The quickest way to add the widget is to just 3D Touch on the Shortcuts home screen icon, then tap "Add Widget" in the widget area of the quick actions. If you don't have 3D Touch or don't like quick actions, you can swipe right from the first home screen page, lock screen, or Notification Center, tap "Edit" at the bottom of the Today View, tap plus (+) next to Shortcuts in the list, and tap "Done."

Step 4: Set Multiple Timers from the Lock Screen

As mentioned above, you can use the widget on the lock screen. To do so, swipe right on the lock screen, then tap "Set Multiple Timers" in the Shortcuts widget (you may have to tap "Show More" to see it, depending on how many shortcuts you have). This will start the first prompt of naming the timer in the Shortcuts app, and you can proceed as in Step 2 above. If you use a passcode, Touch ID, or Face ID, you'll have to unlock before being taken to the Shortcuts app.

Step 5: Set Multiple Timers from the Home Screen

Just like with the lock screen, you can start the "Set Multiple Timers" shortcut on the home screen from the Shortcuts widget. Just swipe right on the first home screen page and tap the shortcut's name to start it. If you're in an app like Instagram or Facebook, you can easily swipe down the Notifications Center, swipe right on it, then tap "Set Multiple Timers" from the Shortcuts widget.

Alternatively, you can use 3D Touch on the Shortcuts' app icon on the home screen to launch the workflow. When the quick actions appear, tap "Set Multiple Timers" from the widget box to start it. If you don't see it, that's because you can only view the first four shortcuts in your "Library," so if you want to use it here, rearrange the "Library" tab in Shortcuts accordingly.

The 3D Touch quick actions on the home screen icon.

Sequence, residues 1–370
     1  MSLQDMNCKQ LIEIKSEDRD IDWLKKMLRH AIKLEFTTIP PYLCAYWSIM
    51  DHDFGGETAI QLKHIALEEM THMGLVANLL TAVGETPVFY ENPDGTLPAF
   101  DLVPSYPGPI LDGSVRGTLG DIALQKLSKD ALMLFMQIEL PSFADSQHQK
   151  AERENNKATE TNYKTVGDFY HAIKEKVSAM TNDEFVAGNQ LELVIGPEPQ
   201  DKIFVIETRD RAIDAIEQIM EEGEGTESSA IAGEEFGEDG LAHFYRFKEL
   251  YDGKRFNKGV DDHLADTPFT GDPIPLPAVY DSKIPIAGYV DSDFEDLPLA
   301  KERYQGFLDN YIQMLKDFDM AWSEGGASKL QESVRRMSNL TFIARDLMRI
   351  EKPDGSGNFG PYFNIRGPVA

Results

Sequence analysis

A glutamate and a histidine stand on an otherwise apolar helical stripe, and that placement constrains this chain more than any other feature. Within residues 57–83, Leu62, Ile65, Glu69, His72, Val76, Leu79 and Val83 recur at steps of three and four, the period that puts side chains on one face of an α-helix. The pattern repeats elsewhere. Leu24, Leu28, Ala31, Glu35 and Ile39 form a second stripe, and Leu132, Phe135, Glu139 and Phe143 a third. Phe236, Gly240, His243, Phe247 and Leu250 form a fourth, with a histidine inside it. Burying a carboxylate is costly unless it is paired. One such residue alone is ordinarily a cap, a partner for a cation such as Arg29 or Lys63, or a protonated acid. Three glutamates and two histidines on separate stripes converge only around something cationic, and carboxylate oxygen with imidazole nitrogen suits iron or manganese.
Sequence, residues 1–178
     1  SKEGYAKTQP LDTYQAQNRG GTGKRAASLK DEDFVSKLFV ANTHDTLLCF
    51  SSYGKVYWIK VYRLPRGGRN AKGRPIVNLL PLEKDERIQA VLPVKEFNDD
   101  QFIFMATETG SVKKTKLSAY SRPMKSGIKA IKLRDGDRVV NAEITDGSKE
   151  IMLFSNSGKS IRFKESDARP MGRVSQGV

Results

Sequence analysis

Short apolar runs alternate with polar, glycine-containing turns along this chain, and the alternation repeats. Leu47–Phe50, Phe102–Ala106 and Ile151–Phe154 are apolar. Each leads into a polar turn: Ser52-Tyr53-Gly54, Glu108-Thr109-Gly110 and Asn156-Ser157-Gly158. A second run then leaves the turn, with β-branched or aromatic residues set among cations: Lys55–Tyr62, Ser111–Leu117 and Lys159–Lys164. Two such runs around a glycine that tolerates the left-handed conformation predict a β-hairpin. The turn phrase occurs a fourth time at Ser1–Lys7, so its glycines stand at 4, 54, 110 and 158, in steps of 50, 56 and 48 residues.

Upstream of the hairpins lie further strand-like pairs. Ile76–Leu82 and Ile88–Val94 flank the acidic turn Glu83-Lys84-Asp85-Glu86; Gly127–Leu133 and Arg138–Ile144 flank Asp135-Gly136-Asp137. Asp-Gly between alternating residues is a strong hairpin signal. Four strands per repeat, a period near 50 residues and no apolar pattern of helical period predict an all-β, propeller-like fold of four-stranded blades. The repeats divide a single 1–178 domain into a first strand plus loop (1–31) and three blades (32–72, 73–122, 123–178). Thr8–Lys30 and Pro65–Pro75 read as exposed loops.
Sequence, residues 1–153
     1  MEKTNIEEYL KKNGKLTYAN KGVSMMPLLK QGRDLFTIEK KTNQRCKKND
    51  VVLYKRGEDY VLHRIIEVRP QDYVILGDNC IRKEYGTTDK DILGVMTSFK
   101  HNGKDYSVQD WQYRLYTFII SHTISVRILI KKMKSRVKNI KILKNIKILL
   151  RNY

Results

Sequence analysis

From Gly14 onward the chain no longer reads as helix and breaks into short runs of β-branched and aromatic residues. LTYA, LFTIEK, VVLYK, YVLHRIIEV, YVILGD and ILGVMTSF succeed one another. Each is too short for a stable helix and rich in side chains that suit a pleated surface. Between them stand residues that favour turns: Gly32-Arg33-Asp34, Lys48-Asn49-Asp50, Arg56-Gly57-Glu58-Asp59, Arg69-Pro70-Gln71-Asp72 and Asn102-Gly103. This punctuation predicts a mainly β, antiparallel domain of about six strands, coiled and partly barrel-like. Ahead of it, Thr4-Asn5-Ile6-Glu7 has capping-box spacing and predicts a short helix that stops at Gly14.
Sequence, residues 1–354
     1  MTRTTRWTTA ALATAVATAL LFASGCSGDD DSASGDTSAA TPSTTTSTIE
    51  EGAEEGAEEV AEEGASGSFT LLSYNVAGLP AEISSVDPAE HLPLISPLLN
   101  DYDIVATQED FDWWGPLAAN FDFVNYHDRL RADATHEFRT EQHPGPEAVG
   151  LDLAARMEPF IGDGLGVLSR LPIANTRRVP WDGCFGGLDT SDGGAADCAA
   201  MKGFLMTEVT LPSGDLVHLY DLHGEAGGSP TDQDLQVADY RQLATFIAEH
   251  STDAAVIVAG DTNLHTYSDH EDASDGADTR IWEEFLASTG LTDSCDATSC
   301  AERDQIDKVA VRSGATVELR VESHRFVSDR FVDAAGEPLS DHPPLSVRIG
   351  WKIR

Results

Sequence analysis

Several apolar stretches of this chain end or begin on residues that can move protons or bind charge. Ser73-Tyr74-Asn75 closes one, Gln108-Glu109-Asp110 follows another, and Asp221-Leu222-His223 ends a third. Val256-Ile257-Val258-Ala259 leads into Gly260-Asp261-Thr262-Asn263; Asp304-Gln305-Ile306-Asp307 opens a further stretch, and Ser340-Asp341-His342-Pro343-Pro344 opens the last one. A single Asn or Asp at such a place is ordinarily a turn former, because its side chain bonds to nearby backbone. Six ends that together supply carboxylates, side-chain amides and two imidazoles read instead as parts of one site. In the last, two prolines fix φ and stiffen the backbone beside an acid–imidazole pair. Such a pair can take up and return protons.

Wait, I'm not done yet! There's one more thing you can do. Open up the workflow for the "Set Multiple Timers" shortcut in the Shortcuts app, then tap the settings icon up top. Next, tap "Add to Home Screen." This will open up a link to the shortcut in Safari, then you just add it to your home screen like any other webpage. This way, it gets its own home screen icon.

Step 6: Create a Siri Shortcut for It

Unlike the Workflow app in the pre-iOS 12 days, Shortcuts allows for you to use Siri. In the shortcut's workflow, tap the settings icon. You'll see an option to "Add to Siri." Once you tap on it, you'll be taken to a screen where you can type or speak the phrase you desire to trigger "Set Multiple Timers."

Once this is complete, you can test it out. Activate Siri however you normally would, then say "Set Multiple Timers" (or whatever phrase you set). Siri will launch that shortcut in the Shortcuts app, starting the first prompt to name the timer.

It's worth mentioning that since this shortcut relies on Reminders, you can also generate these "timers" by summoning Siri — without setting a Siri Shortcut by way of the above steps — and stating something like, "Remind me to get laundry at 2 p.m." The resulting reminder notification at 2 p.m. will read "Get Laundry."

Step 7: Understand & Customize the Shortcut's Workflow

Let's look at each of the five actions that make up this shortcut.

The first action box, "Ask for Input," gets us started with the question, "Set timer for what?" The Default Answer is blank since this is what we will fill in when prompted (e.g., laundry, pot roast, writing time, etc.). Input Type is set as "Text" because we plan to fill this field with a word or letter, not a number, URL, or date — all of which are options here.

The second action box, another "Ask for Input," allows us to set the time, hence the question, "How many minutes?" Default Answer is left blank again since we fill this in on the prompt when using the shortcut. Because this action pertains to the desired minutes, the Input Type will be "Number."